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City of Kennewick v. Day
Washington Supreme Court
11 P.3d 304 (2000)
Doug Day (defendant) was arrested on suspicion of driving while intoxicated. The arresting officer searched Day’s truck and found a marijuana pipe and some marijuana in an armrest. Day immediately denied any knowledge of the drug materials and said that he had just picked up his truck from a repair shop. A blood-alcohol test showed that Day had not been intoxicated. However, Day was charged with possessing drug paraphernalia that he either had used or intended to use. At trial, Day presented evidence that (1) an auto-repair shop had worked on his truck for four months right before the arrest, (2) a shop employee that had worked on Day’s truck had been fired for suspected drug usage, and (3) a previous shop customer had complained about finding drug paraphernalia in the customer’s car after having it at the shop. Day attempted to introduce additional evidence that he had a reputation for not doing drugs in order to show that it was unlikely that he had used or intended to use the marijuana pipe. The trial court excluded the evidence as inadmissible evidence of past conduct. Day was convicted of possessing drug paraphernalia with intent to use it. Day appealed, arguing that the trial court should have allowed evidence of his reputation for sobriety. The superior court reversed the conviction, but the appellate court reinstated it. Day appealed to the Washington Supreme Court.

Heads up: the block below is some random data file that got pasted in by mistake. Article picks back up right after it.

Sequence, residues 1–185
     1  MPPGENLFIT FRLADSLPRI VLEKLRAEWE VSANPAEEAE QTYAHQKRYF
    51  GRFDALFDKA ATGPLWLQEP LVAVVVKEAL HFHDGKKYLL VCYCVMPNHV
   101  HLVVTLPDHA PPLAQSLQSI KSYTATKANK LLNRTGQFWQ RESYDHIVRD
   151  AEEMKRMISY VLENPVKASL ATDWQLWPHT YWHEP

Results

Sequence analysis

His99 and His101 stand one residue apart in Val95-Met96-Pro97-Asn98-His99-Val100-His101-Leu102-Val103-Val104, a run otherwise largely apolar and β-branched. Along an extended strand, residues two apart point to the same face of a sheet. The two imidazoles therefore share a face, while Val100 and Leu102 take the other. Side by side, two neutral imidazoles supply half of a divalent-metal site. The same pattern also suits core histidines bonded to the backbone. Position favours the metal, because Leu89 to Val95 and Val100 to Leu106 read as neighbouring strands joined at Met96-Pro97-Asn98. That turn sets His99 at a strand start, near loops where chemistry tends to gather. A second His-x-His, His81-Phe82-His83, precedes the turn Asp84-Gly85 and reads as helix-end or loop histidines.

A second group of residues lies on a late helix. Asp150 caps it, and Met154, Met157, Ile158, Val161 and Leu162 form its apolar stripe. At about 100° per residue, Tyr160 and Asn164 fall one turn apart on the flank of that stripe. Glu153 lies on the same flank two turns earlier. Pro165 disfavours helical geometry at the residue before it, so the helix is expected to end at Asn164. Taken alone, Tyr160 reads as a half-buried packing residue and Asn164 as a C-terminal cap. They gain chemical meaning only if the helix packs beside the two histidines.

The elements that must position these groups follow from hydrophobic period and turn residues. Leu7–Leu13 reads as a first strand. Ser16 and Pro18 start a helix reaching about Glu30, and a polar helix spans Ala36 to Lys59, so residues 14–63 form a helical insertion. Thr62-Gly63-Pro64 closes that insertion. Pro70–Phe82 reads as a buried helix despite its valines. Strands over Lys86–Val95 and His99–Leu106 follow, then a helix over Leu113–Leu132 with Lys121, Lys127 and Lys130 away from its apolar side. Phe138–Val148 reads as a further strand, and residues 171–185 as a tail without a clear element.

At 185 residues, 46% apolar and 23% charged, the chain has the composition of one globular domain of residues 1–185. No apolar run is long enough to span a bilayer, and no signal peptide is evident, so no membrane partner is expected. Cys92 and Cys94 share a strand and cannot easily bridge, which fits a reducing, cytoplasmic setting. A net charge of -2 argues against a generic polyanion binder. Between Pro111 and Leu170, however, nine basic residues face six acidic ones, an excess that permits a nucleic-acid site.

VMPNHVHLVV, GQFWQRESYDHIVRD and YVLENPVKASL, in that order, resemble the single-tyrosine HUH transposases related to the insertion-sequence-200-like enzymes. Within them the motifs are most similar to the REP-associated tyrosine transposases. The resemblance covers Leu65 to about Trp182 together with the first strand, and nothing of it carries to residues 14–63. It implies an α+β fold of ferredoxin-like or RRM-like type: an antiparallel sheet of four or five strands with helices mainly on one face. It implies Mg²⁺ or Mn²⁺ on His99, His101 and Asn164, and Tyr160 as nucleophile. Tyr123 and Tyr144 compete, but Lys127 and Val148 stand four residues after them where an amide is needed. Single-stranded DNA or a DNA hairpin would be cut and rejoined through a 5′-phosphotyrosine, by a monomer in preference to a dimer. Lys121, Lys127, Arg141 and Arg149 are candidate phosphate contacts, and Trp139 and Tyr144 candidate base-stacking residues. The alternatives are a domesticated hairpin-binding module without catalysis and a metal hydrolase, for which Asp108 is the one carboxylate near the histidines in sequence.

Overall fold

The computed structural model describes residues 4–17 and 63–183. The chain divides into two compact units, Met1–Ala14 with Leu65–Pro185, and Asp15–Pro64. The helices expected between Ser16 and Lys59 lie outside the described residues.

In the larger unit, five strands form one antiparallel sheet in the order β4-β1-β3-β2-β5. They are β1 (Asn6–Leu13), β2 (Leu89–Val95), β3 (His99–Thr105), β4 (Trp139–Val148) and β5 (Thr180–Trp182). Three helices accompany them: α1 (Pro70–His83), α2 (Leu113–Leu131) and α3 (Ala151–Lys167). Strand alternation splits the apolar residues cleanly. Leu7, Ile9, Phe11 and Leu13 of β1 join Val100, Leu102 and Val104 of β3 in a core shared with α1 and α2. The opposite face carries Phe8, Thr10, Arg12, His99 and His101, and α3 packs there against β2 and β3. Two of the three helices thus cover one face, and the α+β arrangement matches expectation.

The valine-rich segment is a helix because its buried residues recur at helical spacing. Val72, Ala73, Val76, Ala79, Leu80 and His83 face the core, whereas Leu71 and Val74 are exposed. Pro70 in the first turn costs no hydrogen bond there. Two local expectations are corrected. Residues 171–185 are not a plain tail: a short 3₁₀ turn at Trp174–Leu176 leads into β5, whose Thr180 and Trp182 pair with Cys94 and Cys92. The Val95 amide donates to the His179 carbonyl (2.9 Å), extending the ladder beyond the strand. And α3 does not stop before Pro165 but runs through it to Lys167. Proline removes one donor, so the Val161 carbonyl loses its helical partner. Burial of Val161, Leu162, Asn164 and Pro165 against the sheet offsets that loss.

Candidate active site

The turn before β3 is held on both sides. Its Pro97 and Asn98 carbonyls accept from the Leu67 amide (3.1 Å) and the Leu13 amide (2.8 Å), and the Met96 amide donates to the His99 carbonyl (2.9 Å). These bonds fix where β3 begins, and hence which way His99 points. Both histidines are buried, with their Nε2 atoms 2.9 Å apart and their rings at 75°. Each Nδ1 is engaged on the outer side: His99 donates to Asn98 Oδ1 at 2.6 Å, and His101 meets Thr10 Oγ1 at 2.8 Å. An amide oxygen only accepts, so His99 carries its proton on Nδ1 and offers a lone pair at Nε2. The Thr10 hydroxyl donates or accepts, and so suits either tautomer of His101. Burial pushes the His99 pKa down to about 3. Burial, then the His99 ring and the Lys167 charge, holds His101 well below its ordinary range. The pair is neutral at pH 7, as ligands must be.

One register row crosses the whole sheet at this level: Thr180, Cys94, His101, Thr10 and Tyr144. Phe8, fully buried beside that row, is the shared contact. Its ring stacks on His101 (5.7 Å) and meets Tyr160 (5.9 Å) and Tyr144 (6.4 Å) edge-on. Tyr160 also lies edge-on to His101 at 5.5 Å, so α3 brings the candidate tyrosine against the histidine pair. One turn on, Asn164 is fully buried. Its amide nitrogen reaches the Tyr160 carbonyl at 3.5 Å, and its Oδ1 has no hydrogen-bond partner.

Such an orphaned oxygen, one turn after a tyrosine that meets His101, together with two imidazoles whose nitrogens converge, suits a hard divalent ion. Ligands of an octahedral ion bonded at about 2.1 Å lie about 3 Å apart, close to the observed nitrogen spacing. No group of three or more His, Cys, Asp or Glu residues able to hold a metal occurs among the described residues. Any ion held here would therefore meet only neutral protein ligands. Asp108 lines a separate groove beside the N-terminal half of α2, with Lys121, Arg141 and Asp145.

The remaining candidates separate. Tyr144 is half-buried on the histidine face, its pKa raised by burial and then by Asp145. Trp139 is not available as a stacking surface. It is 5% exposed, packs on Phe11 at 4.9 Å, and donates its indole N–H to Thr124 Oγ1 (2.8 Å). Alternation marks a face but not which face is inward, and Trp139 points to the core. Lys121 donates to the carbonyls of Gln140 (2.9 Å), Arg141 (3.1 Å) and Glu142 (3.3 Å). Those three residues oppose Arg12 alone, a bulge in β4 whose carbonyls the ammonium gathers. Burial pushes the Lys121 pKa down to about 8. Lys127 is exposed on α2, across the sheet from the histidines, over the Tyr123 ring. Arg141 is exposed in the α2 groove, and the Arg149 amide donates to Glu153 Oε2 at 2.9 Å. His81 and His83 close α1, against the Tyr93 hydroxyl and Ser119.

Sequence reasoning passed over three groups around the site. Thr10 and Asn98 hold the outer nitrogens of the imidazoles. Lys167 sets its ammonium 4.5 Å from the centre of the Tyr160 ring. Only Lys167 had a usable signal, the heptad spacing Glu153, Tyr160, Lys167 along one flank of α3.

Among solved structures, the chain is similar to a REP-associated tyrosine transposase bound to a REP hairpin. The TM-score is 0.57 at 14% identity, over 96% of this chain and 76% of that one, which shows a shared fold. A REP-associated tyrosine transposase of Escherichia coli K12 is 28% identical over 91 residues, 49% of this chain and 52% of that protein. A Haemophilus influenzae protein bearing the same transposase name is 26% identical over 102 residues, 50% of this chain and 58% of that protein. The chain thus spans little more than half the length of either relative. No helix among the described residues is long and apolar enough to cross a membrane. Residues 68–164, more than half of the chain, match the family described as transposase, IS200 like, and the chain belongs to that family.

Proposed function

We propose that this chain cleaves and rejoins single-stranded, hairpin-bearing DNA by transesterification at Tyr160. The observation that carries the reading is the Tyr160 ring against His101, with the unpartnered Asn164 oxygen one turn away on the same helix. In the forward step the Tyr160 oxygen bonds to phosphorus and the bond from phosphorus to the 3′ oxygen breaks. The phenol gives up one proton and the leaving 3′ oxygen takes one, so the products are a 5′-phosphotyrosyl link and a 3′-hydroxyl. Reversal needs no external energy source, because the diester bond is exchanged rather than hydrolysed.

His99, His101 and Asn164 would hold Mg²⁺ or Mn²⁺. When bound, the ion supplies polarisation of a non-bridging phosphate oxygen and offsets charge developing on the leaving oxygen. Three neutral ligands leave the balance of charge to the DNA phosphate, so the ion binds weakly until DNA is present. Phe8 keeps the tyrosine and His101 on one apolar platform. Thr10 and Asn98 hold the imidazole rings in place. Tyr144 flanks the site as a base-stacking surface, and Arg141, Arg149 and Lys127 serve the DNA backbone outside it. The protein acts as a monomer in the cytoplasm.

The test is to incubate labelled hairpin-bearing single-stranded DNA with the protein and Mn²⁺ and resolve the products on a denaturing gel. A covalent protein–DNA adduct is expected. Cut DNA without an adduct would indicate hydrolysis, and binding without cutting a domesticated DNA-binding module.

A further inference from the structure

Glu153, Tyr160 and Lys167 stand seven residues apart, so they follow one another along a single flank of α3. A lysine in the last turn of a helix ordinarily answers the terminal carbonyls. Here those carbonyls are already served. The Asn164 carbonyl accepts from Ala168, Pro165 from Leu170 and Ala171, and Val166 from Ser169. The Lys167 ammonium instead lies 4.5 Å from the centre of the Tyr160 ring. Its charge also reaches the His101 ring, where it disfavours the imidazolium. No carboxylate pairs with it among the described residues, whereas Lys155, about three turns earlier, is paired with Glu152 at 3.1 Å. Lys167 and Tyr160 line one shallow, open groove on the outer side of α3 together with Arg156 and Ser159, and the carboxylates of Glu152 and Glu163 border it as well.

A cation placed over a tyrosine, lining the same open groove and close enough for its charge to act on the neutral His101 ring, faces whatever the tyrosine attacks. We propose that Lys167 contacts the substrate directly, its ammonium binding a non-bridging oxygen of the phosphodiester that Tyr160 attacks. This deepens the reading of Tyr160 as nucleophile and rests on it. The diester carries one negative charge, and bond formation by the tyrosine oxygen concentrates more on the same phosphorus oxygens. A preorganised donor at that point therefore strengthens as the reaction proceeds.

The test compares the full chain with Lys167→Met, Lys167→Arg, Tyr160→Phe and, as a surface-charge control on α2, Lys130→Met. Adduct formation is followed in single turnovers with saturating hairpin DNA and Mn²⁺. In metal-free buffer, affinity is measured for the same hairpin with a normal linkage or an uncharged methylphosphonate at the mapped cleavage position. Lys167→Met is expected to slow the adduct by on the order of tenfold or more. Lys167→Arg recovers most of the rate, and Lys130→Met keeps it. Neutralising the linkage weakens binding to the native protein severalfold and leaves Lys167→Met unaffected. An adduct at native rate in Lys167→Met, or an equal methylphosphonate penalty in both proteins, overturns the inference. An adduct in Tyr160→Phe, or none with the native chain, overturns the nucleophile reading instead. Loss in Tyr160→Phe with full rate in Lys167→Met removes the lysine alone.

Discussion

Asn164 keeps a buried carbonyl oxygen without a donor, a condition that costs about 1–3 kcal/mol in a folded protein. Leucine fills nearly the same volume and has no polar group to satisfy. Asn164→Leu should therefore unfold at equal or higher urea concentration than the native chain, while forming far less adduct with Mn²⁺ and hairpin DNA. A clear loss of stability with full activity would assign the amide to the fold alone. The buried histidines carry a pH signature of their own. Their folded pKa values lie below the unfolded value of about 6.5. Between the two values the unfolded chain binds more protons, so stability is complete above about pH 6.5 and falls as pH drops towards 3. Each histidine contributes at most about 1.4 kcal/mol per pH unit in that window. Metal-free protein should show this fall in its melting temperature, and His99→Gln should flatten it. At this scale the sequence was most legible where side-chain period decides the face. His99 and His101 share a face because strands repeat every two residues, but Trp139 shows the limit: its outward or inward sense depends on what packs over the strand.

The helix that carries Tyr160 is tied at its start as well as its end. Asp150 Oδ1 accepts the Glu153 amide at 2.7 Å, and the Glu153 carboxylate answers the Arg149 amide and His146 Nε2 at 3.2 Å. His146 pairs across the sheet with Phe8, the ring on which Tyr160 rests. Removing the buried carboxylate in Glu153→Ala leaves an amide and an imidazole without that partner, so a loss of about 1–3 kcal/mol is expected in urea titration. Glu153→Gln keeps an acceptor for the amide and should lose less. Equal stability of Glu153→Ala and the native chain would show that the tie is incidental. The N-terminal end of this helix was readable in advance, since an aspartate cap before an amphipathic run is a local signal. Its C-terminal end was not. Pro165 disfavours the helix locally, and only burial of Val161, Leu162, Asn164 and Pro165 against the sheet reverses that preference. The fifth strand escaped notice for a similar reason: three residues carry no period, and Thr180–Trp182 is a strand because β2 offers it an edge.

Rule of Law
Holding and Reasoning (Madsen, J.)
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